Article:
Basic techniques for making mechanical structures for systems neuroscience

In systems neuroscience, a lot of times we need to build or modify mechanical support structures to keep devices in place. This could be cameras, electrode manipulators, slides, lenses, headposts, etc. Almost universally, these structures need to keep relatively light devices or preparations at precise positions, this means they should not drift, vibrate, or deflect.

This is an extremely large topic and I am only going to cover some basic but concrete points here with the goal of clearing up some common misconceptions and providing some basis for making better design or purchasing decisions. Keep in mind that in a lot of cases it may be advisable to pay an expert to help design your rig or to look for existing solutions. Your time is expensive, and spending it to build something that you could buy is often a bad trade-off.

A lot of the more fundamental points in this post are made better by Dan Gelbart in his excellent video series ‘Building Prototypes’. If you have the time, watch these.

Stiffness vs. yield strength

People often spend their efforts in the wrong place when building instruments because they think that in order to reduce drift or vibration, the things they build need to just be ‘as strong as possible’, which means that the best structure would be the one that can hold the most weight. This is usually a misconception because what matters when building  instruments is stiffness at low stress/strain, not strength.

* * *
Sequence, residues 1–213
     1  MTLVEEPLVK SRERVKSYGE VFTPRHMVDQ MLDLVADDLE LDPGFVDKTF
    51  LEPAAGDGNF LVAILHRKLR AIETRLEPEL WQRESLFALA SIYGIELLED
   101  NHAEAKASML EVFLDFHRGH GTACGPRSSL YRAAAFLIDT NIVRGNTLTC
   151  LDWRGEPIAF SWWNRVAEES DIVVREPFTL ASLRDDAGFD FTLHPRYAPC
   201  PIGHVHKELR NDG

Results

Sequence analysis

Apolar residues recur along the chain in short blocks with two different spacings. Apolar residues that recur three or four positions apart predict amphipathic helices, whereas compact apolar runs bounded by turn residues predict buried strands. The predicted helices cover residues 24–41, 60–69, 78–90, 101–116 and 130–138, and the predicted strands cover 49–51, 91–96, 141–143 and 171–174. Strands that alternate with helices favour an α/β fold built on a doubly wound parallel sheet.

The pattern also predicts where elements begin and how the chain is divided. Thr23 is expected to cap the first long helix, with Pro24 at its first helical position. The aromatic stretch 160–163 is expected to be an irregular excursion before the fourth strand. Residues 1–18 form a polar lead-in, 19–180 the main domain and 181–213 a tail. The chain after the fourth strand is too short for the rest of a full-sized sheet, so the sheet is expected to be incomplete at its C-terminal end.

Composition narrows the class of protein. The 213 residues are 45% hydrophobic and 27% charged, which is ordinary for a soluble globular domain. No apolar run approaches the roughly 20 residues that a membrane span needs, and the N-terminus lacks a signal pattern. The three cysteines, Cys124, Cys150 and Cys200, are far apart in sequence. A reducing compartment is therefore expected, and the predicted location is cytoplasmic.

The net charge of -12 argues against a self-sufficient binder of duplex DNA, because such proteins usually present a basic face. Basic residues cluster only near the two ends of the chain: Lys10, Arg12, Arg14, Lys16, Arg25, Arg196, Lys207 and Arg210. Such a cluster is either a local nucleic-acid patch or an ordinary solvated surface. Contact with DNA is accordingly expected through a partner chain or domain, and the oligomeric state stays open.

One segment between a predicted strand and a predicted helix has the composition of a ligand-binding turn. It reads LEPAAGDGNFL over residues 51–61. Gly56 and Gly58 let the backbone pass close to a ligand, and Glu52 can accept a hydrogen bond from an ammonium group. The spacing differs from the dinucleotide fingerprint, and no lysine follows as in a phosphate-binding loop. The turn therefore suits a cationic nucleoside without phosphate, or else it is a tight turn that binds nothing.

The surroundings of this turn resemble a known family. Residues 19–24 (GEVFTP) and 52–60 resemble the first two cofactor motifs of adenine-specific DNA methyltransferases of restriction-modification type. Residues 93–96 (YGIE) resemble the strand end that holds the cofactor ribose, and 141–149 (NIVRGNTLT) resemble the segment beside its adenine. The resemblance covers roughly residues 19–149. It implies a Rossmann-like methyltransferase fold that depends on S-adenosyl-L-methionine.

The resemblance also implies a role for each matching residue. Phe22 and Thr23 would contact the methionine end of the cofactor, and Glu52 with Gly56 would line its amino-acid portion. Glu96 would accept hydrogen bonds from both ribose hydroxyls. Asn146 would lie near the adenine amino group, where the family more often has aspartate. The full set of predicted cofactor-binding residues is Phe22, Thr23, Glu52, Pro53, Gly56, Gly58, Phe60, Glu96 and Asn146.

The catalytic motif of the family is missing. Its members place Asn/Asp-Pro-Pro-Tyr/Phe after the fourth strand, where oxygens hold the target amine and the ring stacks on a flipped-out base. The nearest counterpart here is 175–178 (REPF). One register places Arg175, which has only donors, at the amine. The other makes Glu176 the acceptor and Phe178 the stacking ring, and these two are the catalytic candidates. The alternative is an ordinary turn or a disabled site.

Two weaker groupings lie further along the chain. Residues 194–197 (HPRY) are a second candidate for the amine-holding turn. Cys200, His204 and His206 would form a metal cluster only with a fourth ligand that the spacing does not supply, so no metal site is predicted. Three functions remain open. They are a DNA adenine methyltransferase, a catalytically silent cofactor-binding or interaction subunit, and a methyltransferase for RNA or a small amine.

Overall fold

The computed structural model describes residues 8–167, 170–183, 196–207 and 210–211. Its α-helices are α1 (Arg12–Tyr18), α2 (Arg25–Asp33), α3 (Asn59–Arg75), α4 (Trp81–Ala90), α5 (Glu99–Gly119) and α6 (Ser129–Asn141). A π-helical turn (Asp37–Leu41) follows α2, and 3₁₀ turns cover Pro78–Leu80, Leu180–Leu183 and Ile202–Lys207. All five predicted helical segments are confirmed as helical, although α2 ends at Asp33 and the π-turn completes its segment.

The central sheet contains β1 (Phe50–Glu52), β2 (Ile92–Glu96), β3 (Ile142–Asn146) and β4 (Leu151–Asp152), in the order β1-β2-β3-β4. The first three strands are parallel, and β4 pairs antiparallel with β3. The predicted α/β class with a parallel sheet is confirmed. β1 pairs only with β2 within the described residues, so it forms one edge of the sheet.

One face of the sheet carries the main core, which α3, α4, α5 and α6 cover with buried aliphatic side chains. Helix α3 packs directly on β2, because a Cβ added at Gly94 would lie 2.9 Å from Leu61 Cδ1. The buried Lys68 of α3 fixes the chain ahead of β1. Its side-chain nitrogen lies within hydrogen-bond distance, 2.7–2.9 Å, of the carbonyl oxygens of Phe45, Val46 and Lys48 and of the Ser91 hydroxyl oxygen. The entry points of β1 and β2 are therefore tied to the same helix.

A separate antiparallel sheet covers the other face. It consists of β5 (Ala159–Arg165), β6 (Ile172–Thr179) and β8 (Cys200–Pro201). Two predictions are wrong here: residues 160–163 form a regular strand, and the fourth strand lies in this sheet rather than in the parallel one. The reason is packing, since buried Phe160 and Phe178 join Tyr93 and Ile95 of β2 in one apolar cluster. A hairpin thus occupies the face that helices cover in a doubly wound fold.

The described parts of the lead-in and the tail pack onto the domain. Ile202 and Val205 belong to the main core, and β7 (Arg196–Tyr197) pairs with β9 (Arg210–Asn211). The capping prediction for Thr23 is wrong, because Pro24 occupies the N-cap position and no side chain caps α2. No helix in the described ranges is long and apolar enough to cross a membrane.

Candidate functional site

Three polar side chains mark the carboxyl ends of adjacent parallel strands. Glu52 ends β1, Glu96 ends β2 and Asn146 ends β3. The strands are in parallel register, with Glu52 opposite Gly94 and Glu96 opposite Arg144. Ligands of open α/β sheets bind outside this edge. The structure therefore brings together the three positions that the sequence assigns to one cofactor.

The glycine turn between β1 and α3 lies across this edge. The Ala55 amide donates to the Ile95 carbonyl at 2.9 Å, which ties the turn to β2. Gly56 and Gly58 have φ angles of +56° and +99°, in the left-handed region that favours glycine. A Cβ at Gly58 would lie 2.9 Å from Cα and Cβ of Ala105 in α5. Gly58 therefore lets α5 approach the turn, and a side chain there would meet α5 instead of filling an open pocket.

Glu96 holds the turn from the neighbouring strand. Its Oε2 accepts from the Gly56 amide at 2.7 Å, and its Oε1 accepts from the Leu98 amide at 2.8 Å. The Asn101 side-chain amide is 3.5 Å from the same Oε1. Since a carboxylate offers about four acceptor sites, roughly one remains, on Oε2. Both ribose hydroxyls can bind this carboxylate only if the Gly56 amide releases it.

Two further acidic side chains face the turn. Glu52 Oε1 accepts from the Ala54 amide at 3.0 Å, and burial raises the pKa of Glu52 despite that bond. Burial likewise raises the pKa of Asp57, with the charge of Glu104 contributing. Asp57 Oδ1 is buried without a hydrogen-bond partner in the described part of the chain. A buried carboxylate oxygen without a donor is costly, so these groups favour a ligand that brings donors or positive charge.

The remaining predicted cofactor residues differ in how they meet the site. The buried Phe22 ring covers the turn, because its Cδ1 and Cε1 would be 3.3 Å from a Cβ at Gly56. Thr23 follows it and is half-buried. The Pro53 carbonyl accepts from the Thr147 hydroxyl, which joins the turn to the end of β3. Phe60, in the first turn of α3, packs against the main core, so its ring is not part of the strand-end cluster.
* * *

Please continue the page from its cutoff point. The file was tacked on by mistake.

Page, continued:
The above figure shows a strain (deformation) vs. stress diagram for some material. The terms are a bit unintuitive, but in the context of thinking about the stiffness of a structure, this translates to the relationship between an applied force (stress, y-axis) in something like newtons (handwavy:  1 N ∼100 g) and the resulting deformation (strain, x-axis) in mm or μm.  There are two major properties of any structure to consider:

  • The yield strength (red region): This is the stress/strain at which the structure begins to permanently deform and fail. This point is important for building airplanes but almost completely irrelevant for building instruments.
  • The elastic stiffness (black region): Think of stiffness as the linear deflection per unit of force applied, even for small forces where the structure springs back as soon as the force is removed. This is the metric that matters for us when building things in the lab because it governs how much (and what what frequency) structures vibrate, or move in practical use when you’re not leaning on them.

What you usually want is to have a steep slope / high stiffness, regardless of what happens in the red region, because we’ll never get there. To really make this point clear, here’s an example, stolen straight from Dan Gelbart’s videos. I’m measuring the deflection of a single 80/20 rail, supported on both ends, with a weight of about 1kg or so placed in the middle.


This beam is pretty strong, certainly impossible (for me) to break by hand, and we’re getting a deflection of around 20 micron.

Now instead of the single uninterrupted beam, lets put two beams, only held together with rubber bands. I can push down on this with my hand and break it pretty easily.

However, we get only about half the deflection from the weight, because even though the yield strength of this rubber banded beam is quite pathetic, as long as the two pieces keep touching, its stiffness is the same as a single piece of twice the thickness. This means that the slope in the elastic linear bottom portion of the strain vs stress curve is higher, and the beam is stiffer. This means that this insane looking rubber band contraption would really be twice as good at holding up a microscope slide than the ‘stronger’ uninterrupted beam, as long as the rubber bands stay in place.